Daviddavid474

Right on lazer ! May the day be coming that caltech berlin university oxford stanford MIT and harvard are the students of those whove mastered the pardes of torah like the gra and baba sali !

Esther Rachel

How does this relate: each hour is associated with unique numerical
value increments of the 144 letter
pair vowel combinations of G_ds name.

I only can understand some of this but
is this also fractions or parts of an hour?

Barry Shapero

Thank you. this post and the last one are both a breath of fresh air (deep breath of TRUTH). There is so much nonsense and blindness around, it is refreshing to see these in print and up front. May the growing light of Chanuka finally reach the target and open everyone's eyes.
Chanuka Samauch
Barry (Thornhill Canada)

Kalman M.

"... If you're looking for a degree, go to university; if you're looking for wisdom, go to the Torah..."

The Midrash tells us that "חכמה בגוים - תאמן". Meaning that there is wisdom among the nations.

Plenty of people go to university to gain vital pragmatic knowledge in fields such as engineering, medicine and sciences. They're not there to simply gain "a degree". They're there to get vital knowledge, experience and wisdom -- that can't be found explicitly in the Torah .

BTW: The ancient Babylonians were also able to calculate the synodic month to the same precision.

moishe''le

A big Yasher Koach for an EXCELLENT post! There are still those, even within the religious world, who seem to find it hard to give Torah the proper respect and superiority that it deserves. They are G-D's words and nothing can beat that, for sure!!! EVERYTHING is found in it!

Moshe Meir

I do not agree that a college education is diametrically opposed to being a Torah-observant/believing Jew. I go to shul daily, study a daf Gemara every day, celebrate Shabbat and all the Holidays. At the same time, I am a computer engineer with a Masters' degree from a very reputable university. I have worked in this field for almost 32 years. My work has resulted in products that have benefited people greatly. My university education has allowed me to be a productive member of society, afford to send my children to private Jewish schools, and live a fulfilling Jewish life.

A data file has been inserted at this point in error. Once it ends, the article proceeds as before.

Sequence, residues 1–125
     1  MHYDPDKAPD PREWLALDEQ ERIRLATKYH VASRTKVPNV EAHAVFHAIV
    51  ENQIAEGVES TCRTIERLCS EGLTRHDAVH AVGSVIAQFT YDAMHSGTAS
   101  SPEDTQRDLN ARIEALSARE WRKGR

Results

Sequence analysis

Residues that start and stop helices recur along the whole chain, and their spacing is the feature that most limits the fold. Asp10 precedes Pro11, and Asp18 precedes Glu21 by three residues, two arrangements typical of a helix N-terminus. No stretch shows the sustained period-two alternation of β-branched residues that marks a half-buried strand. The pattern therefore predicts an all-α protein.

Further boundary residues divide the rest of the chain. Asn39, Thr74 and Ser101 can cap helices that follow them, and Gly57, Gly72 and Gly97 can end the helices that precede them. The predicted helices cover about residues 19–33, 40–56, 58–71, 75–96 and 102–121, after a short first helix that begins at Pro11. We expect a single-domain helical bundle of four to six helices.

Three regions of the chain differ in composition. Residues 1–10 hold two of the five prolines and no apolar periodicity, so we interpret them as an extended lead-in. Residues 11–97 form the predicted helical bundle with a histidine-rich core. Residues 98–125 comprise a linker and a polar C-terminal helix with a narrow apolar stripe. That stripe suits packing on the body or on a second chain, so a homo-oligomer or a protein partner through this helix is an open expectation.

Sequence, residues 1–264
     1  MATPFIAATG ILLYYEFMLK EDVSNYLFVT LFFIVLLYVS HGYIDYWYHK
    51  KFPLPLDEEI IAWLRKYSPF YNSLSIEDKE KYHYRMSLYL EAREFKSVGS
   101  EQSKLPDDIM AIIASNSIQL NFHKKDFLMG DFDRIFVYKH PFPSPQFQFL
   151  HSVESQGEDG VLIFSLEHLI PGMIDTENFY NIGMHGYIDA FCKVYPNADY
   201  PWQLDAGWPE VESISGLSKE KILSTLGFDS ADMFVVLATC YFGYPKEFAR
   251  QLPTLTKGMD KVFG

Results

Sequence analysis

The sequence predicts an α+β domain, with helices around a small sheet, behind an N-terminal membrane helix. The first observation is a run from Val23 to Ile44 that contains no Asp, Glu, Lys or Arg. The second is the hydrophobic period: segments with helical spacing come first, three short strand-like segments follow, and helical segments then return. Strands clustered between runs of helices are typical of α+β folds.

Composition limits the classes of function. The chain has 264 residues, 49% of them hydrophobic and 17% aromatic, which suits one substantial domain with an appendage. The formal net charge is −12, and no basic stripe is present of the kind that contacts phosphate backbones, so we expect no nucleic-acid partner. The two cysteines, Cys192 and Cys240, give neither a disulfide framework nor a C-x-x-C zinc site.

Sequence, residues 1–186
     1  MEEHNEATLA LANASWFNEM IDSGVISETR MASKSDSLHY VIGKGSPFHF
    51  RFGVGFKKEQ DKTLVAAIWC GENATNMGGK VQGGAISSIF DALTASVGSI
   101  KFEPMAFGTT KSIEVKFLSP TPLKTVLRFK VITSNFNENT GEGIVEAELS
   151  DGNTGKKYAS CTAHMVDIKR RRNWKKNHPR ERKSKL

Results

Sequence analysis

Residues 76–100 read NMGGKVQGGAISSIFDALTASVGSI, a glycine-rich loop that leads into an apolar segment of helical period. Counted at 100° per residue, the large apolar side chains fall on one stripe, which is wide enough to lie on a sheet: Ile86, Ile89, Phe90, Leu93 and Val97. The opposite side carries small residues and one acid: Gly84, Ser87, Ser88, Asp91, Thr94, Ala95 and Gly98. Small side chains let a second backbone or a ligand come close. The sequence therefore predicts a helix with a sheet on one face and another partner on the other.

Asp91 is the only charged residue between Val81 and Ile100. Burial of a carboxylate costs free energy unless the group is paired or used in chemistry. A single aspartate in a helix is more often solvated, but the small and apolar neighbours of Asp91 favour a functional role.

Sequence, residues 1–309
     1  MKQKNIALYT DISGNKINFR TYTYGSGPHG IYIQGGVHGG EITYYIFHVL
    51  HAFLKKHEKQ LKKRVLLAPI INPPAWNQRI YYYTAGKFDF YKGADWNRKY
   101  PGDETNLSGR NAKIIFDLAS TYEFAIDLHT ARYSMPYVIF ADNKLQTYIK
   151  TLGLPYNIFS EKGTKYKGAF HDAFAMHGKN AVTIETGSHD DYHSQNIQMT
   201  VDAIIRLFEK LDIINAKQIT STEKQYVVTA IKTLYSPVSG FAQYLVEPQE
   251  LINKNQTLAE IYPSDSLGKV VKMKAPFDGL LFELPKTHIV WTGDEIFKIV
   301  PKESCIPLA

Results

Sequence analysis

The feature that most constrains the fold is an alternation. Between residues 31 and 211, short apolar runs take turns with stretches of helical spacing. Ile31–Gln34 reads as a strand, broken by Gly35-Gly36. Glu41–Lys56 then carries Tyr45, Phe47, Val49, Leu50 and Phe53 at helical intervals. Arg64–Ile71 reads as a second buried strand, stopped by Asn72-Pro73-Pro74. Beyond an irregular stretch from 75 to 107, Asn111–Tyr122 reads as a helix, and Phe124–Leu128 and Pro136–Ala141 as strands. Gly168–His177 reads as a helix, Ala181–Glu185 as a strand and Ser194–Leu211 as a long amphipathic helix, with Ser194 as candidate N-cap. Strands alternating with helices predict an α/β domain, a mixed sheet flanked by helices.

If you permit, here is a counter-argument to your "Moon distance" example: in Tanach, the ratio of the circumference of a circle to its diameter is stated as 3 (a rounding down, which is OK for the purpose of describing the basin in the Beit HaMikdash). The Talmud goes as far as approximating a bit more with a fraction. However, the poskim point out that Pi is an irrational number and cannot be expressed as a ratio of two integers. Without the exact value of Pi, we would not have the vast majority of modern technology (including the computer I'm using to write this message), sophisticated medical intstruments, space travel (which has allowed for many scientific breakthroughs), etc, etc. This is just one tiny example.

I agree that some weak minds may be attracted to alien philosophies if exposed to them, but the vast majority of Jews are perfectly capable of being versed in both science and Torah. After all, Torah is the blueprint of creation. Science, to me, is meant to explain the Universe and to help us master it.

As things stand today, it is not possible to become a doctor, civil engineer, computer scientist, pharmacist, etc, in a yeshiva. Without the people who have studied these disciplines, we would still be living in the dark ages with horrible diseases killing large segments of the population, uneducated masses, and most of the wealth concetrated on very few people. I belive that secular education, properly harnessed, is not only good for humanity, it is also the way Hashem is helping us to approach the Messianic era in tandem with Torah study and observance of mitzvot.

Happy Adar Sheni!